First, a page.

THE House Committee on Appropriations approved Wednesday an unnumbered substitute bill seeking to establish a fiscal regime for the mining industry.
The bill, which consolidates House Bills (HB) 288, 560, 1687, 2557, 4541, 4874, 5022, and 5253, had cleared the House Committee on Ways and Means on Nov. 19.
The bill calls for large-scale metals miners to pay a royalty equivalent to 3% of their total gross output. It exempts small-scale miners from such royalties.
Currently, the law imposes a royalty scheme only in mining areas declared as mineral reservations.
The bill also proposes to create a National Resource Trust Fund which collects revenues from mining operations and “extends their benefits to next generations” through educational programs, technological and research programs, health services and disaster risk reduction management initiatives.
The fund will be created from the annual payment of mining contractors to the Bureau of Internal Revenue of an additional 2% based on gross output for large-scale metals miners.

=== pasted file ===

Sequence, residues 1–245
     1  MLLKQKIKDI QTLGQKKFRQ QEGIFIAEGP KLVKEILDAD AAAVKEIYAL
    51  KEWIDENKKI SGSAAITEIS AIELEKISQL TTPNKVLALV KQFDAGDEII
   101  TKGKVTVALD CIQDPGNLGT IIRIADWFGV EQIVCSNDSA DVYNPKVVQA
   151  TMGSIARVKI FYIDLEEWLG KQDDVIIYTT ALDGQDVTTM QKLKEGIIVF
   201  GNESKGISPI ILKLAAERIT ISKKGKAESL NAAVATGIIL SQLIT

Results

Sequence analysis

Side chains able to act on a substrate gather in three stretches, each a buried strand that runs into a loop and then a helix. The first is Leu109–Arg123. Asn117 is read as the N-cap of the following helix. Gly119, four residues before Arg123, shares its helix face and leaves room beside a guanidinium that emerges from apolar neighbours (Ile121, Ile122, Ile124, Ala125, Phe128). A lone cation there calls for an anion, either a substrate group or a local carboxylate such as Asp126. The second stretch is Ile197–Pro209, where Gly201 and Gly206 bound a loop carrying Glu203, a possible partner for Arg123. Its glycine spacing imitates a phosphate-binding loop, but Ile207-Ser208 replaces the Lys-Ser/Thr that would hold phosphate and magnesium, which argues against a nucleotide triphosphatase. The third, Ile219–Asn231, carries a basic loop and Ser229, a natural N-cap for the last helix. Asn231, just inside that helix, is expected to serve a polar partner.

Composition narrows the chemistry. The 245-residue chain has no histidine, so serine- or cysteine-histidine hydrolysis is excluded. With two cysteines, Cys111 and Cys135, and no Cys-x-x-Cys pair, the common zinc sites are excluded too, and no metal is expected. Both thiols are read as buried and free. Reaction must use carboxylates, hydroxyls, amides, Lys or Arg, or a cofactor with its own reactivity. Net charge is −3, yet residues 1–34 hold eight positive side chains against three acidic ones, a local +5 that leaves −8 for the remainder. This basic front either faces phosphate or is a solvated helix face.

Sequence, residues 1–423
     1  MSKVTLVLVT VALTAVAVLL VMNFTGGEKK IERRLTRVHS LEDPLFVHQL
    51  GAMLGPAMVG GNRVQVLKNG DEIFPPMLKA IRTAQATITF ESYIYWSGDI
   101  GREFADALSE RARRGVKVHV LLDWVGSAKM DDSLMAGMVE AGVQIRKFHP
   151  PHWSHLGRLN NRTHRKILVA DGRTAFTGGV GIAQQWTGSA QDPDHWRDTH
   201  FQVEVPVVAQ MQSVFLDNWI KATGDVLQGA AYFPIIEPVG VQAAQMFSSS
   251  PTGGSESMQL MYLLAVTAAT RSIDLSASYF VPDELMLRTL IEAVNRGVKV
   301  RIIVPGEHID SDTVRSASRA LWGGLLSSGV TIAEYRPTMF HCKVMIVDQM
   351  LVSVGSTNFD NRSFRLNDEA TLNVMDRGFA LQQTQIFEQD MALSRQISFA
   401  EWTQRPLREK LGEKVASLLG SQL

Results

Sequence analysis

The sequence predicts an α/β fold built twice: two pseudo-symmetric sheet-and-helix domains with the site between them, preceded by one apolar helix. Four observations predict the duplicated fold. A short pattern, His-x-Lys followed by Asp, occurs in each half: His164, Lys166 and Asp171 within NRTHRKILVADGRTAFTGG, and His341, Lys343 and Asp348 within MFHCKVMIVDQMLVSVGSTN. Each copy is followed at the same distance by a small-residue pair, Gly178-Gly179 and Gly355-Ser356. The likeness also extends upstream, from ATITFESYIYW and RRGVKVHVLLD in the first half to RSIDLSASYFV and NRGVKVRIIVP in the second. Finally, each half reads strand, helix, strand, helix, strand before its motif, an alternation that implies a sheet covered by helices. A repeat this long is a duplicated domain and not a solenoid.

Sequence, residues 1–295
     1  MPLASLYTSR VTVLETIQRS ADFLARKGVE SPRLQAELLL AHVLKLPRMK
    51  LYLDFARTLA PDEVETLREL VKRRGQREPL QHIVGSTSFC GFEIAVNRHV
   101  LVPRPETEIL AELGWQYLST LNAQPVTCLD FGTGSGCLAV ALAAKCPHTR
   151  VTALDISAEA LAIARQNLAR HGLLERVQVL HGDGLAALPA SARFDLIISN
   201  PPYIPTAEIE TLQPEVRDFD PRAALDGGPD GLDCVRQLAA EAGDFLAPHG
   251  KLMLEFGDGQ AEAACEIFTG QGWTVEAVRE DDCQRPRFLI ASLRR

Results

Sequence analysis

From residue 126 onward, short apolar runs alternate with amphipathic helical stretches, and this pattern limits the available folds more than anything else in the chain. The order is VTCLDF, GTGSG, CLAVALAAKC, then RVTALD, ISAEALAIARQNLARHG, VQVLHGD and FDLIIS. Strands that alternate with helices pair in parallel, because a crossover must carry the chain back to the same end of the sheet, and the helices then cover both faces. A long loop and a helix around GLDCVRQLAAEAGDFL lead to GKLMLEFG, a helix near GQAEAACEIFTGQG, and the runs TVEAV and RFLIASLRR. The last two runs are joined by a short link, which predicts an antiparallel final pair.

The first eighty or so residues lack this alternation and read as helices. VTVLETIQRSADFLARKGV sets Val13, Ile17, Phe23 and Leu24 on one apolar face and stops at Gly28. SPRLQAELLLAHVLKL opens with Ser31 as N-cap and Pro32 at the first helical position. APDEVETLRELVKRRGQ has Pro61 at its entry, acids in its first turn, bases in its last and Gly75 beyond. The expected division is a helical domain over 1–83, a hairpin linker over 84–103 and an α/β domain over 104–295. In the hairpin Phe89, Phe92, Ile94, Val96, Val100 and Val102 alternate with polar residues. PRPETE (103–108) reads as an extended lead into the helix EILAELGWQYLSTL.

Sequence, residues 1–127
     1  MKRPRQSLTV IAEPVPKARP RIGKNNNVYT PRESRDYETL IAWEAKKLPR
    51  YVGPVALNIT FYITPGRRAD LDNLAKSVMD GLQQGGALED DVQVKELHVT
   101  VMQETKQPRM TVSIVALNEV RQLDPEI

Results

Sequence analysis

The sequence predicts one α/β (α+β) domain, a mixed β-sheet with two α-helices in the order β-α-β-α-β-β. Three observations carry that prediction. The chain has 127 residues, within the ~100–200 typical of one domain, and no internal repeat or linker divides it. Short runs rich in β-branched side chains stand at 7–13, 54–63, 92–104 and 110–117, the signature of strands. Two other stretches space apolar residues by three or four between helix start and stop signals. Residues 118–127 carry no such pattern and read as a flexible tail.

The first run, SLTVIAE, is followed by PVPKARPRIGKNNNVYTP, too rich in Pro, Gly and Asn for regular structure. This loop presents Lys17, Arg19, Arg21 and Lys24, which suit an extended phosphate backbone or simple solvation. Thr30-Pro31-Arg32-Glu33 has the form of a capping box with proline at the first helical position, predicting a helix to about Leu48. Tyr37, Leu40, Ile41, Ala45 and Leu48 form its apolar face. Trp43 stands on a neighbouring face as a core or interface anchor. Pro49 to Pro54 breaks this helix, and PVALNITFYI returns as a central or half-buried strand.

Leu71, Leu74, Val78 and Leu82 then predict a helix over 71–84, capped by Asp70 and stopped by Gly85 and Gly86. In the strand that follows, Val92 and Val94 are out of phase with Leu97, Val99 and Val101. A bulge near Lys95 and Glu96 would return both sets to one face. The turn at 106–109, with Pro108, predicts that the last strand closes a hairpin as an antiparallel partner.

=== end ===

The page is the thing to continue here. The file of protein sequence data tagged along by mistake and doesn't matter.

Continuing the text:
The bill proposes that failure to comply with such obligations will warrant “immediate suspension or closure of the mining activities” of the mining concession holder.
The measure also proposes an auction system for concessions, which will be established by the Mines and Geosciences Bureau (MGB).
“This will minimize awarding of mineral agreements based on asymmetrical information, first-come first-served systems, and patronage politics. Moreover, it shall promote investments in mineral-rich areas through an online portal open to the public” Albay Rep. Jose Maria Clemente S. Salceda said in his explanatory note to HB 5022.
By requiring full public disclosure in the mining industry, the measure also institutionalizes the Philippines’ participation in the Extractive Industries Transparency Initiative (EITI), an international disclosure system under which participants declare the taxes and revenue generated by such industries. — Genshen L. Espedido